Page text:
Haven’t updated the blog in a long time, but wanted to get this stuff in writing. The most recent trip to Italy was great, and was a bit of an eye-opener with respect to the density of clothing manufacturers in Italy. Sure, we know that Italy has plenty of production capacity, particularly for menswear, but as we learned quite quickly, small towns can sometimes be hidden gems.
We scheduled a short trip to Italy for the end of 2014, with the first stop being several companies in Martina Franca. For those who don’t know, Martina Franca is a bit of a sleepy kind of town — it is a small, seemingly quiet town with a character all its own. Not too much hustle and bustle — indeed, once you get off the Ferrovie del Sud Este train line, there is no taxi available in the whole town (even though there is a sign for one, strangely). There is simply one little shuttle bus for which you can buy a ticket from the bar down the street for 50 Euro cents. In the span of 20 minutes, the shuttle bus can drive you all around the town. Luckily for us, the bus has a stop in the middle of Martina Franca’s Zona Industriale, or ‘industrial zone.’
Driving through a bit of the industrial zone, you begin to realize that this little town is something of a menswear manufacturing mecca — within a small area (mind you, every single one of these companies has the same address), there are, give or take, one dozen manufacturers — among others, Confezioni Lerario, ITN, Icoman, ICA, NCM, GPA, Abiconf…the list goes on (yes, most of these names are likely unfamiliar to those unacquainted with the corporate parents of random Italian brands but we’ll discuss a few in this post and in the next one).
Our first stop was with Icoman and ICA. Icoman is a very well-known pants manufacturer — er, well known to those in Italy who are manufacturing pants and suits, but not so much outside of that. The company has a long history for producing pants for some of the world’s best brands – Armani, Etro, etc… (indeed the Spring pants for those labels were being packaged on the floor as we got a tour), and sews the pants for many high-end suit manufacturers in Italy, including Lardini (manufacturer of its own line, as well as suits for John Varvatos, Ferragamo, Piombo and lots of others). Icoman has for several years now been producing its own line of pants, Berwich. Beautiful garments, however, their main market is in the far east, particularly Japan, Korea and China, due to the slim cuts of the pants. We may be able to bring in some Spring items a few months from now, but we weren’t able to make any deals this time around.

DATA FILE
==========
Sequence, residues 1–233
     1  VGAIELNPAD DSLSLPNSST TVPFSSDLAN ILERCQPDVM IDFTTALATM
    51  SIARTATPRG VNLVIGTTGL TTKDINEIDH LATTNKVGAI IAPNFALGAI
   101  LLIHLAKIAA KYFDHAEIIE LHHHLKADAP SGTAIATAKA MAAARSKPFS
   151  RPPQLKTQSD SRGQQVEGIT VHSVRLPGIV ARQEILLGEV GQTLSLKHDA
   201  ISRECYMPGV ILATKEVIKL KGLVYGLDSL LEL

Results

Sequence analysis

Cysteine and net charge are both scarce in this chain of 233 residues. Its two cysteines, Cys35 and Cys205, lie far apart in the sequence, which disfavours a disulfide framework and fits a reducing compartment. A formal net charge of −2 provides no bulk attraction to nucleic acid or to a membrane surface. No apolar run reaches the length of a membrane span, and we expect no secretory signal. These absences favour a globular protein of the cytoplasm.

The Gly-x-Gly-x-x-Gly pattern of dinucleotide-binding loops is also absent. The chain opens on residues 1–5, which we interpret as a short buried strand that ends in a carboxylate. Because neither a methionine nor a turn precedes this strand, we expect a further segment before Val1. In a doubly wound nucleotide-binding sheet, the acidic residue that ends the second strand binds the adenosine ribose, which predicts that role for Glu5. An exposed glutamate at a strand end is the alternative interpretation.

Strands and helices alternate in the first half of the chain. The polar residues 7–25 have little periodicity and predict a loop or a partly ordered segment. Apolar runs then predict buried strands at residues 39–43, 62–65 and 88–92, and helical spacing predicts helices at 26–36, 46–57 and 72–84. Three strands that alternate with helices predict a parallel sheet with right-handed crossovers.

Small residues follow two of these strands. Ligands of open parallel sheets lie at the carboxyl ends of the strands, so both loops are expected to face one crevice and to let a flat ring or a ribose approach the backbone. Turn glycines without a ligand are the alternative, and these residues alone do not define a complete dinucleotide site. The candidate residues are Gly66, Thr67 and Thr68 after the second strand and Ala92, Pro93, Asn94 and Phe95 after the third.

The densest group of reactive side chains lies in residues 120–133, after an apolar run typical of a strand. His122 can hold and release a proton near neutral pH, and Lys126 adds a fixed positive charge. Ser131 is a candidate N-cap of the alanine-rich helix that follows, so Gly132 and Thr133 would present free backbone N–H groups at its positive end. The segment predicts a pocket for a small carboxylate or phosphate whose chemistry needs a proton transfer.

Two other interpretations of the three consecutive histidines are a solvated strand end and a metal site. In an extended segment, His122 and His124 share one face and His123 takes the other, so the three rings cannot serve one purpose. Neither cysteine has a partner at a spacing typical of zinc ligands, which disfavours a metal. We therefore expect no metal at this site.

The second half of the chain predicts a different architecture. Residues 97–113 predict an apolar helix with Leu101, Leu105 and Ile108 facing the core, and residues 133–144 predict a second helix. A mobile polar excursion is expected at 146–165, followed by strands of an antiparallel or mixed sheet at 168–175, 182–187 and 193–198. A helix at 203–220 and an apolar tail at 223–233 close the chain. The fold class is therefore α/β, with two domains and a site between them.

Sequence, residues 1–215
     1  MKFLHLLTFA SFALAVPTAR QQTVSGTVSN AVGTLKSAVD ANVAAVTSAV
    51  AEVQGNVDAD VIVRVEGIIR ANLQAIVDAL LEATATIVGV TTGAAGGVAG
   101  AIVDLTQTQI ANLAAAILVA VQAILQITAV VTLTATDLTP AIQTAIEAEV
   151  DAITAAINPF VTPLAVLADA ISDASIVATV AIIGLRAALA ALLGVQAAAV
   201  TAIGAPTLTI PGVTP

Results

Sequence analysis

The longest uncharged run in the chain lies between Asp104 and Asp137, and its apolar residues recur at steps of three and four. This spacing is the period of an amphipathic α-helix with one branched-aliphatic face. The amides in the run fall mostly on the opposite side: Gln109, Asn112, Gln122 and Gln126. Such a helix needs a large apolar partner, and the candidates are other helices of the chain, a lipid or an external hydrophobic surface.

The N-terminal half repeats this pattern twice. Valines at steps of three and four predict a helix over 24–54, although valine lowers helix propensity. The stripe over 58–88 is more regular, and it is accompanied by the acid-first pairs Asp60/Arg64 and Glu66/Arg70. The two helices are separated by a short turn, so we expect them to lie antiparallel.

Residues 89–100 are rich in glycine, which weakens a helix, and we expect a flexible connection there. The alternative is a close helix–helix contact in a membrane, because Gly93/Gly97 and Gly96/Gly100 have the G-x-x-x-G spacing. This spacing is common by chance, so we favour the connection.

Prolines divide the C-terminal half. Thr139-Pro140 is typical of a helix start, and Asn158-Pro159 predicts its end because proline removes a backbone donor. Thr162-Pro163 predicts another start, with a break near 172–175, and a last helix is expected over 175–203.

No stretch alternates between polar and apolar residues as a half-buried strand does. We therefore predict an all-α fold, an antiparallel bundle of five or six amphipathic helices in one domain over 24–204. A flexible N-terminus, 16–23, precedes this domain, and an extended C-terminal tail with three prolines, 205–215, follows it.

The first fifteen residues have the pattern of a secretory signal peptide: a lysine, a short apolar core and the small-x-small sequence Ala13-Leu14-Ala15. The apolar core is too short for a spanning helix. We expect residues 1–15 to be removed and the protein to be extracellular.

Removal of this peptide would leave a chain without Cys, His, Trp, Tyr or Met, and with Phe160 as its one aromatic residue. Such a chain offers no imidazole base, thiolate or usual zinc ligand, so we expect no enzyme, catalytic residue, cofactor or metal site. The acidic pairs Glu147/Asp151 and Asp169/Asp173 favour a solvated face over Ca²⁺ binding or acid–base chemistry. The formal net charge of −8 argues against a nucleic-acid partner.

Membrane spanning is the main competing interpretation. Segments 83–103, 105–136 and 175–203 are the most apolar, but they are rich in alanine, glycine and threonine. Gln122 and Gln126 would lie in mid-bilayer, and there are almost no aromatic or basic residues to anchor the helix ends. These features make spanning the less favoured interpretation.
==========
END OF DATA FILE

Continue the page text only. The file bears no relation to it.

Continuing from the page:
Our second stop was basically down the street at ICA, a coat manufacturer and makers of the brand Hevo. Again, like many other companies in Italy, Hevo is a relatively recent line from this company, that has long been producing outerwear for third-party labels, but is now making some truly gorgeous pieces under its own Hevo labe – the items we saw for Fall 2015 (to be shown at Pitto Uomo in a little under a week) had some showstoppers. Unfortunately, for Spring, the outerwear options are quite limited, and we did not wind up making a purchase. Nonetheless, if you can get your hands on the stuff in the U.S., we highly recommend picking up some Hevo items for Fall/Winter.
Such was the first portion of our trip. Overall, unsuccessful with respect to striking any deals, but got to make some new connections and get additional insight into a new region of Italy we had yet to visit. Part II of Martina Franca will come later this week.